Chemical Leukodystrophy

What Relationship Between Leukodystrophy and Chlorinated Hydrocarbon?

Start with little gems like this attempt of the Editor to describe this collection of articles about peroxide chemistry titled: Peroxide Chemistry Editor: Waldemar Adam (Universität Würzburg)

The emphasis was to lie on the development of environmentally acceptable, selective (chemo-, regio-, diastereo- and enantioselectivity) oxidations. One chapter focuses on industrial applications which have to meet both economical and ecological demands to remain competitive in the future. Latest results on the consequences of lipid peroxidation in age-dependent diseases, which range from Alzheimer and Parkinson disorders to diabetes, rheumatic arthritis, atherosclerosis and cardiovascular diseases are also presented.

I'm just a layman when it comes to chemistry but books with this type of abstract catch my attention.

Here is another flag raiser. From a document reporting findings in workers exposed to solvents.

A high degree of correlation was found in the exposed group between the symptoms and the results of electromyoneurographic findings....Segmental demyelination results from primary destruction of the neuronal myelin sheath, with the relative sparing of the axons.

Another interesting find is: Study of Health Outcomes in Aircraft Maintenance Personnel (SHOAMP)This is just phase one the review of available literature. I highly recommend reading this before diving into any other literature on the subject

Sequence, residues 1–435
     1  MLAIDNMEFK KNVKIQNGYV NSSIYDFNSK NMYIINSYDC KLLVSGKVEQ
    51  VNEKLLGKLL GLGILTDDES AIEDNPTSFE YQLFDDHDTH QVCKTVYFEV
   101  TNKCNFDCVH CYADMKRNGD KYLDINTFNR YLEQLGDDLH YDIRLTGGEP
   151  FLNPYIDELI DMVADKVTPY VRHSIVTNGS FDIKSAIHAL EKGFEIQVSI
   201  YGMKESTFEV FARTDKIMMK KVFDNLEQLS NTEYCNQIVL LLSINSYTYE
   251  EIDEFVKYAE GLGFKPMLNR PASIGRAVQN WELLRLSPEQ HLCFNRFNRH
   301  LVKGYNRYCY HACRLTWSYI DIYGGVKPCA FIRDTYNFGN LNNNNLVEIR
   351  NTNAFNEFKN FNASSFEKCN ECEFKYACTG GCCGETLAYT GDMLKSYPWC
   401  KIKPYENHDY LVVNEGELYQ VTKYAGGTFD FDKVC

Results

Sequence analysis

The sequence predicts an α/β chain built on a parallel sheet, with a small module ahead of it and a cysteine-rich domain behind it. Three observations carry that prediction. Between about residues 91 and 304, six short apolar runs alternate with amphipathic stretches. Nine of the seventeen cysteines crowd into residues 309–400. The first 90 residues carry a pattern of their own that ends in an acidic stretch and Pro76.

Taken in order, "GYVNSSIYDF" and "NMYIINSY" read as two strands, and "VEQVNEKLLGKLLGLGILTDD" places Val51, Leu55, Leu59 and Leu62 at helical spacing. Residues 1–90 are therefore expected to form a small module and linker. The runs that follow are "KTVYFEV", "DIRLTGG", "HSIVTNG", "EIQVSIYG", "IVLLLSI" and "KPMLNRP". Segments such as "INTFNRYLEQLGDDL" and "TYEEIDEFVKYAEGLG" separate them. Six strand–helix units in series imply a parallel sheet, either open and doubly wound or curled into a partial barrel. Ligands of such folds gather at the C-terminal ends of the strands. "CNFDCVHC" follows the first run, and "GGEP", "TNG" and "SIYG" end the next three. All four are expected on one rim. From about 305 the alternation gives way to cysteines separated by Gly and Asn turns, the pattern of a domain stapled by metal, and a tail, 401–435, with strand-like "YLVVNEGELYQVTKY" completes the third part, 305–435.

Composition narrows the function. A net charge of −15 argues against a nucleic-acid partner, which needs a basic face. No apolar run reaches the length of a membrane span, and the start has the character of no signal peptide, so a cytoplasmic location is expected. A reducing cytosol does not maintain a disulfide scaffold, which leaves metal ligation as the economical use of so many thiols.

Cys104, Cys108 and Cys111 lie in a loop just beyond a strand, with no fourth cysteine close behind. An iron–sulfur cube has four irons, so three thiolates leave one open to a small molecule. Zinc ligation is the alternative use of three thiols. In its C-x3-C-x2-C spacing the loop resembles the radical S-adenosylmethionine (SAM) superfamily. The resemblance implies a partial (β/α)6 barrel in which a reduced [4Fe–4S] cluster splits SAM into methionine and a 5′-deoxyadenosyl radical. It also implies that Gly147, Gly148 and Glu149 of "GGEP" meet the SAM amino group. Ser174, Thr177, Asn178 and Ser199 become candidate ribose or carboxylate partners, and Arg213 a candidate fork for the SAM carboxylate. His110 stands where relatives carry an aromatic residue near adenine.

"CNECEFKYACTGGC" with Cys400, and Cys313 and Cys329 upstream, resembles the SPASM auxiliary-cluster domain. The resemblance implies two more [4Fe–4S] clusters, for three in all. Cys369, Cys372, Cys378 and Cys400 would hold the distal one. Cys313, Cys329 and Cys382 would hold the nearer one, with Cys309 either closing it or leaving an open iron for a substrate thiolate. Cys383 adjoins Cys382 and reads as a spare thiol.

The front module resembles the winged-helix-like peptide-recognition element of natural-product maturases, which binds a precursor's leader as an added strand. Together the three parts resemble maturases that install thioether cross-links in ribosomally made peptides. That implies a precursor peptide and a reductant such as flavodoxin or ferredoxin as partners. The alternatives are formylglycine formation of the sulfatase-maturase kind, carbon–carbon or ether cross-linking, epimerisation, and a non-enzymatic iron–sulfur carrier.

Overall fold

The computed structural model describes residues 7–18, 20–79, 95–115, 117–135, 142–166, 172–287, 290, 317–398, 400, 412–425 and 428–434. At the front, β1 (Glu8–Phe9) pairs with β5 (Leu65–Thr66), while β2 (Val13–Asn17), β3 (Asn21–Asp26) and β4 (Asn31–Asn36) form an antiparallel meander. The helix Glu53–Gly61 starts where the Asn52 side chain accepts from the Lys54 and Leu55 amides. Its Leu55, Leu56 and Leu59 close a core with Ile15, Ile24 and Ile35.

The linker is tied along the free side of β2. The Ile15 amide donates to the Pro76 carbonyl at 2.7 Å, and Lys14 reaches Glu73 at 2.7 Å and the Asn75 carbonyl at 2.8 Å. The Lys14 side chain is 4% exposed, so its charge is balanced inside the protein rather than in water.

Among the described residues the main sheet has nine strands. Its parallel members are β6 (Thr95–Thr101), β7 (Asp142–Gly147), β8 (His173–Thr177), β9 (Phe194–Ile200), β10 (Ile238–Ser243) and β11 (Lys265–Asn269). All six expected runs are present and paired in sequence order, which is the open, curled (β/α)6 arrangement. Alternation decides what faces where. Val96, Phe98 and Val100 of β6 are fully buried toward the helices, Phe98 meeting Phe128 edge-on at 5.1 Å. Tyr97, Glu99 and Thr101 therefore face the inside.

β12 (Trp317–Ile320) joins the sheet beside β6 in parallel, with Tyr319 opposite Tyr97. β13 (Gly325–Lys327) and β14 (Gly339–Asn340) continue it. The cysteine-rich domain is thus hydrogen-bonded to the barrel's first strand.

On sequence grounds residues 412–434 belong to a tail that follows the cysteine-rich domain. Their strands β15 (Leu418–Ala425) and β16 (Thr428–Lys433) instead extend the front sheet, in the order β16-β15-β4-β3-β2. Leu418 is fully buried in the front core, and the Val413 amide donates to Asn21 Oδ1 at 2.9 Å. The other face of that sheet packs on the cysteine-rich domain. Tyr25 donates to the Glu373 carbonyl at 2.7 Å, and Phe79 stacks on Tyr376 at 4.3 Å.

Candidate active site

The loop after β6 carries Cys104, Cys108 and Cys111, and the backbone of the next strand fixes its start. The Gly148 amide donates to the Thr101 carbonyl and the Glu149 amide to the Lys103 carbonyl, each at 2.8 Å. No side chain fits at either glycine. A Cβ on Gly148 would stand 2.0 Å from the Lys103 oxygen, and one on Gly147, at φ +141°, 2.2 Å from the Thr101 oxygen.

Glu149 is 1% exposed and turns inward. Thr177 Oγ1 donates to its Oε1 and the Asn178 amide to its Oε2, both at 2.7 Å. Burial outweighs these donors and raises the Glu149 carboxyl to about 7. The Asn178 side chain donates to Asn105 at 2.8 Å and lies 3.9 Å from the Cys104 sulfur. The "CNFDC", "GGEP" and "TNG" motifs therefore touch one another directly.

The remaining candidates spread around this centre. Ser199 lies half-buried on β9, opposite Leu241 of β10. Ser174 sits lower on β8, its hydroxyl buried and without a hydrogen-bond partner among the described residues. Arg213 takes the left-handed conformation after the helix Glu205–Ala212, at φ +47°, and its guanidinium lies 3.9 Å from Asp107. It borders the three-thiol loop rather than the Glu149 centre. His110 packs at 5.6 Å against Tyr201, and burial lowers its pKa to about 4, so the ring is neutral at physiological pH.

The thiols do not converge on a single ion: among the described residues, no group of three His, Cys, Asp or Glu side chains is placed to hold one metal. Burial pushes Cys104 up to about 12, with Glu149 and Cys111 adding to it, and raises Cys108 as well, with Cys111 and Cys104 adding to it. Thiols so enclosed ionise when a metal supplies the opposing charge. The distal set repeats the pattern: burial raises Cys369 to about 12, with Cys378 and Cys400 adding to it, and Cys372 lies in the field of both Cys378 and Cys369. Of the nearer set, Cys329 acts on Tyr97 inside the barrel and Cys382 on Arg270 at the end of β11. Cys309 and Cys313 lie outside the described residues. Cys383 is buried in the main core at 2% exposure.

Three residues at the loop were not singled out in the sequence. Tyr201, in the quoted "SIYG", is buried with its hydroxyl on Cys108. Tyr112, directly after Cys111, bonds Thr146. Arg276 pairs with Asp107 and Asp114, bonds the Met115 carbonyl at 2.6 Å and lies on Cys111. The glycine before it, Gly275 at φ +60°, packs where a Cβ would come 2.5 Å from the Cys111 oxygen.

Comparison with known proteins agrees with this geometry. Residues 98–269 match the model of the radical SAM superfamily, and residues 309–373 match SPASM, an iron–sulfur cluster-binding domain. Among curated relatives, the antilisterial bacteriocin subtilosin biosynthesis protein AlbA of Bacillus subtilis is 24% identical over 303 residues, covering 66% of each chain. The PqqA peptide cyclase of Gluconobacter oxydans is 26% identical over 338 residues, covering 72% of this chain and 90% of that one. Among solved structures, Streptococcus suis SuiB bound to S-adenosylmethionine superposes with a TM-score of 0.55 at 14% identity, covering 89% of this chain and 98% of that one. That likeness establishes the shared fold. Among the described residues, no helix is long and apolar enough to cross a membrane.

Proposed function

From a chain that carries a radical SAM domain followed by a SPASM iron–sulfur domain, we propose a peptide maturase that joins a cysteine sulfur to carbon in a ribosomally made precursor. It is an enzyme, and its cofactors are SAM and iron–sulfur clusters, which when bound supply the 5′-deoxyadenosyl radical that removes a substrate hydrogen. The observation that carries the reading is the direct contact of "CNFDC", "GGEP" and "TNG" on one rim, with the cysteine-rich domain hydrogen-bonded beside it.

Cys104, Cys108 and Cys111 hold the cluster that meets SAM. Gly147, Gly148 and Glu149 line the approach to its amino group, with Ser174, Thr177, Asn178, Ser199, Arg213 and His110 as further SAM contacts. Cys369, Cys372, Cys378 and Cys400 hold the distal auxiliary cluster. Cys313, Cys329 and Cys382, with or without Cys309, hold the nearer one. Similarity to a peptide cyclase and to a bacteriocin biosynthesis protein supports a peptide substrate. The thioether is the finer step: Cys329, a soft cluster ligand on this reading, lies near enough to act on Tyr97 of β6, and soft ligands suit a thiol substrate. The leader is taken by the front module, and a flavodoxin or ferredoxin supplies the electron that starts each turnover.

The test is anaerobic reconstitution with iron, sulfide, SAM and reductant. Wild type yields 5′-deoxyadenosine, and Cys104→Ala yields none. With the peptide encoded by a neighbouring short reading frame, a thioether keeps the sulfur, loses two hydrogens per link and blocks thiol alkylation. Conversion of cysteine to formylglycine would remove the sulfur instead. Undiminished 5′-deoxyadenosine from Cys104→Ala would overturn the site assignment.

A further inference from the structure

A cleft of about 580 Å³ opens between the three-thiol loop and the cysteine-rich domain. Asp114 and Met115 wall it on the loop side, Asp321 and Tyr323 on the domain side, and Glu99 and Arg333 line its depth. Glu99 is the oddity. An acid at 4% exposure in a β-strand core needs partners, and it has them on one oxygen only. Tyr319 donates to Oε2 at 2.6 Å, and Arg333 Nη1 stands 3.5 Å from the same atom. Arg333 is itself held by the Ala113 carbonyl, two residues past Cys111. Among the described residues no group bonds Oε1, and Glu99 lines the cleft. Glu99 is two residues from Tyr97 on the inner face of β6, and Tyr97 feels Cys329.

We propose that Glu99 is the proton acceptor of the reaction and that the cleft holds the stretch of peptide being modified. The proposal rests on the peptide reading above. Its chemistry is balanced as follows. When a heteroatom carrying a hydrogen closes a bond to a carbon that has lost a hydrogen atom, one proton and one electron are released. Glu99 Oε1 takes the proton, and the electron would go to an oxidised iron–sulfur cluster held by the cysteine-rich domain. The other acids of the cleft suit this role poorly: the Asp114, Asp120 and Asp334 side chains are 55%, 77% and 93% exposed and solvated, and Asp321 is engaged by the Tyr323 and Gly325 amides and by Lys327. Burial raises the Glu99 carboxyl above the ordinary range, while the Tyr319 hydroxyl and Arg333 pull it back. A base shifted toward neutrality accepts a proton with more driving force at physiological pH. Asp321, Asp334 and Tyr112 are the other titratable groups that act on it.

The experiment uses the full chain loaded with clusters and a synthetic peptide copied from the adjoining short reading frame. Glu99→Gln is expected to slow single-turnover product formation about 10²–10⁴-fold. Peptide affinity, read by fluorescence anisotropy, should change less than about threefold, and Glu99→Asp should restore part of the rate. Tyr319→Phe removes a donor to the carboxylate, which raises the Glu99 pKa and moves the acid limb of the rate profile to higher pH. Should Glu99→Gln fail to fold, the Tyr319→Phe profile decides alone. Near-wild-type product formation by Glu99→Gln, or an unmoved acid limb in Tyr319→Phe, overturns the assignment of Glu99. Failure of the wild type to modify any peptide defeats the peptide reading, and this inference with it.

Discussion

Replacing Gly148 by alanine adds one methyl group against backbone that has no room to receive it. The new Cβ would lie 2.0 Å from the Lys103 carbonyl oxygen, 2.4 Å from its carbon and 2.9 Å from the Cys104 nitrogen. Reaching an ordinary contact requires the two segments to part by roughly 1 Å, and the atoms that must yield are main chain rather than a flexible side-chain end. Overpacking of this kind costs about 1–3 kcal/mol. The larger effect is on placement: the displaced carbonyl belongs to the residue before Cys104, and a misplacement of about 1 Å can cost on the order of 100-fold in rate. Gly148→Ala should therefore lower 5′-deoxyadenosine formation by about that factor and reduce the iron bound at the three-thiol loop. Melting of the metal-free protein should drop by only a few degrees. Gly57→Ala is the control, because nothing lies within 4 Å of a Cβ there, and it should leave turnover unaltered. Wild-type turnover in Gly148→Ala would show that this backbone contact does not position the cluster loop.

All this is good but it does not speak to why Leukodystrophy always looks genetic or why no one even asks about exposure to solvents in a differential diagnosis process. So should Solvent exposure of parents be considered when neurological problems surface? So far If I was a doctor reading doctor stuff I'd say No don't waste more than a minute going there. You should however take a good look at this article. Organic Solvents: Author: Jonathan S Rutchik, MD, MPH, Assistant Professor, Department of Occupational and Environmental Medicine, University of California at San Francisco

Can Solvents mess with DNA?

Start here if you can afford the money to read it or time to get to a library. The pathogenesis of neurodegenerative disease: neurotoxic mechanisms of action and genetics. Current Opinion in Neurology. 12(6):725-731, December 1999. Feldman, Robert G. a,b,c,d; Ratner, Marcia H. e

Try searching for DNA in this article.ORGANIC SOLVENT NEUROTOXICITY it is just a brief mention of a possibility of interaction with DNA and RNA. Who knows what it means?

This document concludes: With the possible exception of the equivocal results for chromosomal aberrations observed in female rats following inhalation (McGregor, 1980), the weight of evidence overall indicates that 1,1,2,2-tetrachloroethane is not genotoxic or that it is only weakly genotoxic, acting through a mechanism that results in gene conversion and induction of sister chromatid exchange.

The evidence seems to point out that at worst these agents may only effect individuals that are genetically predisposed. Then again I'm not a doctor so this is not much of an opinion. :) I have a lot of work to do on this page. there are two things I'd like to do.

  1. Create a map and time-line that helps to visualize if a relationship can be found between the history of the manufacture of chlorinated hydrocarbons and the documented cases of leukodystrophy
  2. Compile a list of parents' of affected children, their occupations and geographic location.
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